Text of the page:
If you recently received a personal injury settlement in California and are wondering if you need to pay taxes on it, the answer isn’t as straightforward as you might think. While some parts of your settlement may be tax-free, others could be subject to taxation.
It’s important to understand which portions of your settlement are taxable so that you don’t get hit with an unexpected bill from the Internal Revenue Service (IRS) later on.
An experienced Palm Springs personal injury attorney can advise you on what parts of a personal injury settlement are subject to taxes in California so that you can make informed decisions about how to manage your finances going forward.
Taxability of Personal Injury Settlements in California
When you receive a personal injury settlement in California, the state does not tax the entire amount. Instead, California taxes only the portion of your settlement that compensates you for your economic losses. The tax rate is based on the highest marginal tax rate in the state, which is currently 13.3%.
There are some exceptions to this general rule. For example, if you settle a workers compensation claim, the settlement is not subject to taxation. Similarly, if you settle a claim for medical malpractice, the settlement is not subject to taxation.
However, if you settle a personal injury claim that is not related to workers compensation or medical malpractice, the settlement is subject to taxation. This includes settlements for car accidents, slip and fall accidents, and other types of personal injury claims.
If you are a resident of California and you receive a personal injury settlement from another state, you may still be required to pay taxes on the settlement amount. This is because California has what is known as a “reciprocal agreement” with many other states. Under these agreements, each state agrees to tax the income earned by residents of the other state, including personal injury settlements.
Which Parts of a Personal Injury Settlement Are Taxable?
If you’re wondering which parts of your personal injury settlement are taxable in California, know that the answer depends on the specific details of your case.
Here are some general guidelines to help you understand which parts of your personal injury settlement may be subject to taxes, according to the IRS’s Settlements-Taxability guidelines.
Compensation for Lost Wages
Compensation for lost wages is generally taxable because your income would have been taxed if you were able to work. You will need to pay both federal and state income tax, along with Medicare and Social Security, on any compensation for lost wages.
Punitive damages are generally taxable because they are not considered to be related directly to your injuries or losses, but are designed to be a method of additional punishment for the defendant.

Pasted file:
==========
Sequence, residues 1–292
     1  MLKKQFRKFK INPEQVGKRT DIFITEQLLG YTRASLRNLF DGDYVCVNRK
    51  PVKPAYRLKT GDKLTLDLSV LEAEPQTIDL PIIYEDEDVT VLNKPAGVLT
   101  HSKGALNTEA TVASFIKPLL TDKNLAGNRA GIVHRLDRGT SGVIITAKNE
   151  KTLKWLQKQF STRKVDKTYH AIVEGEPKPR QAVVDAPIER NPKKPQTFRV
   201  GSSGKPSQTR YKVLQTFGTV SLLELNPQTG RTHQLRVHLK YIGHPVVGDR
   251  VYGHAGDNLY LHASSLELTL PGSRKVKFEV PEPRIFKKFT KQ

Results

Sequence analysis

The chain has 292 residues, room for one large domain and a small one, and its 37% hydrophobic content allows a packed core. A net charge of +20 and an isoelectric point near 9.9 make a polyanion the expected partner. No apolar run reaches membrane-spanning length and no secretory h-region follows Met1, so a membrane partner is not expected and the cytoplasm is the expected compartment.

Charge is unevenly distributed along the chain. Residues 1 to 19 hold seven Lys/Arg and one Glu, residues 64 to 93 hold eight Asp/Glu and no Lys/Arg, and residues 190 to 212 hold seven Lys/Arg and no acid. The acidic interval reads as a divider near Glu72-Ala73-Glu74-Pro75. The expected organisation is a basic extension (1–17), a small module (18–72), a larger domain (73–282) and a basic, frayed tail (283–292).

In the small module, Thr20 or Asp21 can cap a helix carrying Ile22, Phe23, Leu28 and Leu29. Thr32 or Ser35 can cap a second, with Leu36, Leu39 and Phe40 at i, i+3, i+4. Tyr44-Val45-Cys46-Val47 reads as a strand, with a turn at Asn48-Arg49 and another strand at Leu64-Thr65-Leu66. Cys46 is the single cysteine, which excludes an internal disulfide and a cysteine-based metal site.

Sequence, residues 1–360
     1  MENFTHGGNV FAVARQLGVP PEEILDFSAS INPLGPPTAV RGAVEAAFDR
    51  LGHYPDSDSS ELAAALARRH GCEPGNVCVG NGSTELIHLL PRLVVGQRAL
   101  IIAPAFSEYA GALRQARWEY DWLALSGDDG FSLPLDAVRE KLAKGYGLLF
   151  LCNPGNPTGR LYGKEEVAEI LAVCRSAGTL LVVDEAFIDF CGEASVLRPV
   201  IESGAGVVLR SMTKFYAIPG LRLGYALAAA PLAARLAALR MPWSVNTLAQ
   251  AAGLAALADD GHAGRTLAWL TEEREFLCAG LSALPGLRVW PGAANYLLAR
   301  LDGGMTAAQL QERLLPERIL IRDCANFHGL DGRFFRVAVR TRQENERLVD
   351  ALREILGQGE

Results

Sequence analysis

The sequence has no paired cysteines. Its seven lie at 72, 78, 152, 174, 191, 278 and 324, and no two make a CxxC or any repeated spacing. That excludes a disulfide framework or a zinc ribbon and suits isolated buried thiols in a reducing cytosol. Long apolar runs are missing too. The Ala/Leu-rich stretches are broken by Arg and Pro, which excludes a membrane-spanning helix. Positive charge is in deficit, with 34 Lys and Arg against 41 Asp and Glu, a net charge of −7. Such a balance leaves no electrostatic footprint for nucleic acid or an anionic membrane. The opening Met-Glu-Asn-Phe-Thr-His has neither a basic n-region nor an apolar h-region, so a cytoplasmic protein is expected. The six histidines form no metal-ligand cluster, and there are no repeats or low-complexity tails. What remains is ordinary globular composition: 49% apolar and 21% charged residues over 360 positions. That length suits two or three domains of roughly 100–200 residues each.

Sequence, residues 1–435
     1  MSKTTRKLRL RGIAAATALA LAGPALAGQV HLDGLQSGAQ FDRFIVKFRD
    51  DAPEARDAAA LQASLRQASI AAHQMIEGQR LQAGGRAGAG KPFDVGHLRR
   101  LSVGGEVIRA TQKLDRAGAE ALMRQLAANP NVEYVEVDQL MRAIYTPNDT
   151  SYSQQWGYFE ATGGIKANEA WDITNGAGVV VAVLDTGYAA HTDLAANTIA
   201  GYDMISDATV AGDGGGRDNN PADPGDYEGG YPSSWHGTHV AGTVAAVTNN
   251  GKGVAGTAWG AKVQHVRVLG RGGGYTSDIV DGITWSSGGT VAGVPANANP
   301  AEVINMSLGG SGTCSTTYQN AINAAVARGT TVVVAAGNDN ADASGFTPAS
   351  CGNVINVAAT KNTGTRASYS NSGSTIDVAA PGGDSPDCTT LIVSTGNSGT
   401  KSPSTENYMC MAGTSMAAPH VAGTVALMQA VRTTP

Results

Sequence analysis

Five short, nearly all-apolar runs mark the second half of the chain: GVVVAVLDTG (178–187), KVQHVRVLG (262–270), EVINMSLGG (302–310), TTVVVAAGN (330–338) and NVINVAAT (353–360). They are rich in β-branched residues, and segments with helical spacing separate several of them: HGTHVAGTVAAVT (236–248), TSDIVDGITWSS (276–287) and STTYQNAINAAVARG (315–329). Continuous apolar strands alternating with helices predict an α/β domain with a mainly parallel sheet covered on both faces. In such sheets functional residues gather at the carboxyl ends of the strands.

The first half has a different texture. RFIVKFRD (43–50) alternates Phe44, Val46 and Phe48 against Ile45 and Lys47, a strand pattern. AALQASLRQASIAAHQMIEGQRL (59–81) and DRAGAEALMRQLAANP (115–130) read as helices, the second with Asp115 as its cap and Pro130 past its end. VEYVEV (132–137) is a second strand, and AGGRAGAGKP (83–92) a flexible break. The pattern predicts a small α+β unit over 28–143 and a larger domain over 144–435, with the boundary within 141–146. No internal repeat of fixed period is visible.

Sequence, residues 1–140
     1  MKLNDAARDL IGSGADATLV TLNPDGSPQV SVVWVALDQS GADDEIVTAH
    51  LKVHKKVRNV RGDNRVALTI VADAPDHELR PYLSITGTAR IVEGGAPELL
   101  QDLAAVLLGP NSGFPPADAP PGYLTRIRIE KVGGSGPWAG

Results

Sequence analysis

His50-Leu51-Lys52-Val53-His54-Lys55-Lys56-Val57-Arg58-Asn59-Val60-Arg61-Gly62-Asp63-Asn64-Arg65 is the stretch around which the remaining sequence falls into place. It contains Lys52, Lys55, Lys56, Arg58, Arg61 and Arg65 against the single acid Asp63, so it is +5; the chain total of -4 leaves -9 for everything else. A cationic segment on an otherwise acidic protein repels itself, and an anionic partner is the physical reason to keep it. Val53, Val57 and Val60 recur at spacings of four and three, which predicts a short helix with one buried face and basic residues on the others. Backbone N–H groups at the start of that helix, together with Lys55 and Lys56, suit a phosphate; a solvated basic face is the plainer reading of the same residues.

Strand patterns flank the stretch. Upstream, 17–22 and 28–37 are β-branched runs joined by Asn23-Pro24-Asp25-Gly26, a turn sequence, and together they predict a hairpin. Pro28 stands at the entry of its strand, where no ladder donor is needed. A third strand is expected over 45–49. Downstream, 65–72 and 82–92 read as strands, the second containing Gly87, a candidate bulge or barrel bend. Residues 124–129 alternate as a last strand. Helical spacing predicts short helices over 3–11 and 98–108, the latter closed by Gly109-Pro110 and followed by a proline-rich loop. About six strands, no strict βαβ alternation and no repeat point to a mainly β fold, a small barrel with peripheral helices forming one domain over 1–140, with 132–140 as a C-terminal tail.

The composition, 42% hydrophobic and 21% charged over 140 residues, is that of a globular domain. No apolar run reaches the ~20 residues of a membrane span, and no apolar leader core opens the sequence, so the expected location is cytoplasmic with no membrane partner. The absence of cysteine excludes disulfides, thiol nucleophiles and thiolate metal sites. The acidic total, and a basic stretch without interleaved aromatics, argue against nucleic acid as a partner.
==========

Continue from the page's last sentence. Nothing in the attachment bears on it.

Medical expenses are typically not taxable, but this depends on the circumstances of your case. For instance, these expenses become taxable if you covered medical costs for over a year or if you added an itemized deduction to medical cost taxes in previous years.
Pain and Suffering
Pain and suffering or emotional distress settlements are not typically taxable in California, provided they are the result of physical injuries you sustained in the same incident, meaning that if you receive compensation for both emotional and physical injuries, the settlement may be entirely non-taxable.
It’s important to note that these are just general guidelines – the actual taxability of your settlement will depend on the specifics of your case. If you’re unsure about whether or not something is taxable, speak with a tax professional or a Palm Springs personal injury lawyer to get clarification.
Other Considerations When Settling a Personal Injury Case
Keep in mind that even if you are successful in settling your personal injury case, there may be other considerations that can impact the amount of money you ultimately receive.
For example, if you have medical insurance, your insurer may have a lien on any settlement funds you receive to reimburse them for the costs they paid on your behalf. Similarly, if you have outstanding medical bills, your settlement check may be used to pay off those debts.
It is also worth noting that while most personal injury settlements are paid out in a lump sum, some insurers may opt to make periodic payments instead. If this is the case, it is important to be aware that each individual payment you receive may be considered taxable income.
How a Palm Springs Personal Injury Lawyer Can Help You With Your Settlement
If you are considering a personal injury settlement in California, it’s important to understand if your settlement is subject to taxes and if so, which parts will be considered by the IRS. A Palm Springs personal injury lawyer can help you determine which parts of your settlement are taxable and how to minimize your tax liability.
For example, they can recommend that you allocate more of the settlement towards physical injuries rather than punitive damages. They can also help you negotiate with the other party to have them pay any taxes that may be due on the settlement.
Generally, damages that are awarded for physical injuries or property damage are not taxable. This includes compensation for pain and suffering, lost wages, and medical expenses. However, if you receive punitive damages or interest on your settlement, those may be taxable.
Schedule Your Free Consultation Today!
Knowing what parts of a personal injury settlement are subject to taxes in California is important when you’re considering filing a claim. It’s important to be aware that the court may require you to pay certain taxes on some or all of the settlement depending on your individual circumstances.
If you have any questions about these tax implications, contact us today to schedule a free consultation with a Palm Springs injury lawyer who can provide information and guidance specific to your case.